There were jubilant scenes outside Willesden Court yesterday as the Heathrow 13 received suspended sentences for their part in last year’s environmental protest, rather than the jail time they’d been told to expect. The 13 included two women from East London – Sheila Menon and Melanie Strickland – who by putting their liberty on the line, followed in the noble footsteps of many women before them.
If the 13 had been given custodial sentences they would have been the UK’s first climate change protestors to be jailed. They would not, of course, be the first protestors to go to prison for their cause. East London in particular has a long tradition of civil disobedience, much of it done by women.
Emmeline Pankhurst and the suffragette movement is well known for its acts of civil disobedience. What is less known is that Sylvia Pankhurst broke away from her mother’s group over disagreements around which women should be entitled to the vote. Emmeline was only calling for the vote on the same terms as men, which at that time would leave around 40% of mostly working class women out of the franchise. Sylvia’s connection with the Labour movement led her to the conviction that women from all backgrounds should be allowed to vote, in order to work their way out of poverty. She was jailed many times for her convictions, including enduring the now infamous force-feeding.
Fleeing rampant anti-semitism in Russia, Milly Witkop arrived in London aged 17, where she found work in the east end sweatshops. Her early years experiences shaped her radical political beliefs. She became active in the trade union movement, and was resolutely opposed to WW1. In 1916, her anti-military agitation earned her two years in prison.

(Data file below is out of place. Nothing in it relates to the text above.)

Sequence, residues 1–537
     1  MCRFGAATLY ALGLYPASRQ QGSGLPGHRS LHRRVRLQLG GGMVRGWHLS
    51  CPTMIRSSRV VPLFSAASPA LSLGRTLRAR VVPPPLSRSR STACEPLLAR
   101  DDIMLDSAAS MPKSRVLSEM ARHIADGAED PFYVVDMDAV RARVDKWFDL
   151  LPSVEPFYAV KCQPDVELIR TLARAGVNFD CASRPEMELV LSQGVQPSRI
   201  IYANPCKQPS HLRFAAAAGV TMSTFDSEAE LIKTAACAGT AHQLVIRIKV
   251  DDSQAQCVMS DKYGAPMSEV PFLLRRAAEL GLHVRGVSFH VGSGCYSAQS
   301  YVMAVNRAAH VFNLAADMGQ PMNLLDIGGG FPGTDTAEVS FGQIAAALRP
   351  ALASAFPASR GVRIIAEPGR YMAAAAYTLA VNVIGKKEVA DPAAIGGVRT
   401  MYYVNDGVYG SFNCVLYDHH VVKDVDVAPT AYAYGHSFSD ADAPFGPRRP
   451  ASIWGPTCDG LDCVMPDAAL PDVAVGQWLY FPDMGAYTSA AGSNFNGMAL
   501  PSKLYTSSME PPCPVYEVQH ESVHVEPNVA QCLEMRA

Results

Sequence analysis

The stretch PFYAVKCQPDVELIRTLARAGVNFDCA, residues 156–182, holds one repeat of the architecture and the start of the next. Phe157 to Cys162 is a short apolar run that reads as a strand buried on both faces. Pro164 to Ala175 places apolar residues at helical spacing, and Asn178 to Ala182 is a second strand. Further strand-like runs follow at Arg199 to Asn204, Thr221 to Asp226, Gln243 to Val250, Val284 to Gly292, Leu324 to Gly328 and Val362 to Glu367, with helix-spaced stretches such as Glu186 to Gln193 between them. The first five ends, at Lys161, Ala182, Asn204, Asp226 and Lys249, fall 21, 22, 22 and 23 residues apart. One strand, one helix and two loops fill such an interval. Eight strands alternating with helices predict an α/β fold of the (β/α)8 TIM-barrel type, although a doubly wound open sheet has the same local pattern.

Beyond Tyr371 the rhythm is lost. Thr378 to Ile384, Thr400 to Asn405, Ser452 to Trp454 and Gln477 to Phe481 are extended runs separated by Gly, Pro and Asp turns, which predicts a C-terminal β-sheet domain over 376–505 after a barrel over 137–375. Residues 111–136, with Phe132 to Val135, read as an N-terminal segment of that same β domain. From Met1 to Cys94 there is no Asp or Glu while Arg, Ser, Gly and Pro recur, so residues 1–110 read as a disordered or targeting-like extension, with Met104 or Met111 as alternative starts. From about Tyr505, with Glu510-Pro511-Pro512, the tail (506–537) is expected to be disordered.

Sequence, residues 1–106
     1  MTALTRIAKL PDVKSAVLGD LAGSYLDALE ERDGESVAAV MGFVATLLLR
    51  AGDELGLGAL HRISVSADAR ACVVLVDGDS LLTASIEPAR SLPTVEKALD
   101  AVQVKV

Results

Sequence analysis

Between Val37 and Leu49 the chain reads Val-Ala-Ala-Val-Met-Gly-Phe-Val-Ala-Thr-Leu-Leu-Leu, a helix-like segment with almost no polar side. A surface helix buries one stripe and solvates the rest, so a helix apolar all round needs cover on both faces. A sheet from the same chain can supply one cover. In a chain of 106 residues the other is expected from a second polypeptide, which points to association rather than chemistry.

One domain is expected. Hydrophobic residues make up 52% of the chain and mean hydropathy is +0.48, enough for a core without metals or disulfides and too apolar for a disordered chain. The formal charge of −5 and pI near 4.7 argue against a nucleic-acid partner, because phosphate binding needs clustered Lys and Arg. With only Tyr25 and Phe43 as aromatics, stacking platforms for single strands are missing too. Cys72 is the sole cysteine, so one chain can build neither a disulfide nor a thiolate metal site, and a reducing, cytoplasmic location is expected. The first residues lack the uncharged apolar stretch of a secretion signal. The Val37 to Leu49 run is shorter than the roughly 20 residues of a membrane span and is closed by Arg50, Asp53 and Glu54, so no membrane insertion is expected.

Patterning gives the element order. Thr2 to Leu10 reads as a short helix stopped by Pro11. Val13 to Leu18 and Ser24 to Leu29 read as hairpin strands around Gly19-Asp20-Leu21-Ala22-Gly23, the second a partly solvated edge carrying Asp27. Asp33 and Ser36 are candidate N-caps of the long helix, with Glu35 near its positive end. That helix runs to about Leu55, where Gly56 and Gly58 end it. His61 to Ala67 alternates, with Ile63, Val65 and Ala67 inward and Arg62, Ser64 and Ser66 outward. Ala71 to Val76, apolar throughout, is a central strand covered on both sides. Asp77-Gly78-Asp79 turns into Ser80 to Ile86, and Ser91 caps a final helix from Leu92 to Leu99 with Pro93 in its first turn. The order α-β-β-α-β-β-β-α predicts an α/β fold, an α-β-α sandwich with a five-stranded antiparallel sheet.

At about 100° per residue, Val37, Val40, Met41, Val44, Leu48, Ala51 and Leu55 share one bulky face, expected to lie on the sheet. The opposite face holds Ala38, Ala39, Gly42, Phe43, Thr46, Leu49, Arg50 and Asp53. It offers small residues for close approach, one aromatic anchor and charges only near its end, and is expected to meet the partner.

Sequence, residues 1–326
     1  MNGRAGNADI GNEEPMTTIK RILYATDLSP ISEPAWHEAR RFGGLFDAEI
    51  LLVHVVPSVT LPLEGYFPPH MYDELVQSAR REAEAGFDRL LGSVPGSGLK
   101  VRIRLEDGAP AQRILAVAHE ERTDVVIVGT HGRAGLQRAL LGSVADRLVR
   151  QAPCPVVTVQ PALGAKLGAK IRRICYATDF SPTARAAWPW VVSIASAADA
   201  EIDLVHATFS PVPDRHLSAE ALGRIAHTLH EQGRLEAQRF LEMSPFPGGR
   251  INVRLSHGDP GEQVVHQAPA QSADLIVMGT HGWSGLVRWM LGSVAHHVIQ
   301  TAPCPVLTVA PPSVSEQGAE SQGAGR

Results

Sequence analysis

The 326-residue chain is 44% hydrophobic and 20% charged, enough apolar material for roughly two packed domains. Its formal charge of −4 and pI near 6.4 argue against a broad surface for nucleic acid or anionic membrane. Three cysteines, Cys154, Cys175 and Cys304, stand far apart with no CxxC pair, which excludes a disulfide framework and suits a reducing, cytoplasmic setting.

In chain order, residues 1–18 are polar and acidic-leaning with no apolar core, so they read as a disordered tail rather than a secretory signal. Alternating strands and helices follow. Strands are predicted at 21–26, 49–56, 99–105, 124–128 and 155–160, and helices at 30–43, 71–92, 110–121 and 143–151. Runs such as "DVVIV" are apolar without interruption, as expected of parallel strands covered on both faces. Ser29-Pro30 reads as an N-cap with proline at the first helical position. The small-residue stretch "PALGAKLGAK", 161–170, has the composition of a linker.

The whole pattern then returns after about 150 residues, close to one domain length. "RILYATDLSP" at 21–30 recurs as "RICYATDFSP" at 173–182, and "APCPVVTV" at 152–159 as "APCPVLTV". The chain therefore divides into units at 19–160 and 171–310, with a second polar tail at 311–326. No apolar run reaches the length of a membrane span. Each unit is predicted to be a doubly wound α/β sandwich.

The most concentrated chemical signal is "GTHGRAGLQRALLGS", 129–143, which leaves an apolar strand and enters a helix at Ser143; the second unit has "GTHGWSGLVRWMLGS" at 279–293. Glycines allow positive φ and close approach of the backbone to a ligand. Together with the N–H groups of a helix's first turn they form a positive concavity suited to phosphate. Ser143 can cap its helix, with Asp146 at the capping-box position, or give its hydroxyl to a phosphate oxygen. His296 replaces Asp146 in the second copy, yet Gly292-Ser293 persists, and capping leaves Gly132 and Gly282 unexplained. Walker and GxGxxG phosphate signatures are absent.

Muriel Lester was a prominent pacifist during both world wars. She organised prayers to enemy nations, services to pacifist speakers, cheap meals for munitions workers and protection to local Germans and Austrians. She was arrested several times for her political activities. In 1941, under the orders of Churchill, she was detained in Holloway prison for the remainder of the war. The Prime Minister did not like this out-spoken woman undermining his efforts!
After the war she continued her peace campaigning, including through the atom age and Spanish Civil War. She was nominated twice for a Nobel Peace Prize, and has been dubbed The Mother of Peace.
Poplar Rebel Councillors
George Lansbury and the Poplar Rebel Councillors are a well documented part of east end political history. What’s less known is that of the 30 Labour Councillors imprisoned for their part in the Poplar Rate Revolt, five were women.
Minnie Lansbury, Susan Lawrence, Julia Scurr, Nellie Cressall and Jennie Mackay stood by their working class principles at great risk to themselves. Standing outside Holloway prison in 1921, Susan Lawrence said to the 10,000 strong crowd of supporters:
“We are here representing a principle which we have to defend as well as the men […] We go cheerfully determined to see this thing through. I hope our example will not be lost on all local authorities throughout the country.”
The women suffered great hardship for their beliefs. Minnie Lansbury developed pneumonia following her imprisonment, and died in 1922. Julia Scurr died five years later aged 57, her early demise attributed to the terrible conditions she endured during her imprisonment.
If you have a story to share of civil disobedience, or any other kind of social-political activism, we would love to hear from you. We are recording oral histories with East London women (or decedents of), which will be used as part of a walking tour app due to launch later this year. They will also be archived at the Bishopsgate Institute as an educational resource, and to inspire future generations of women campaigners. Get involved today!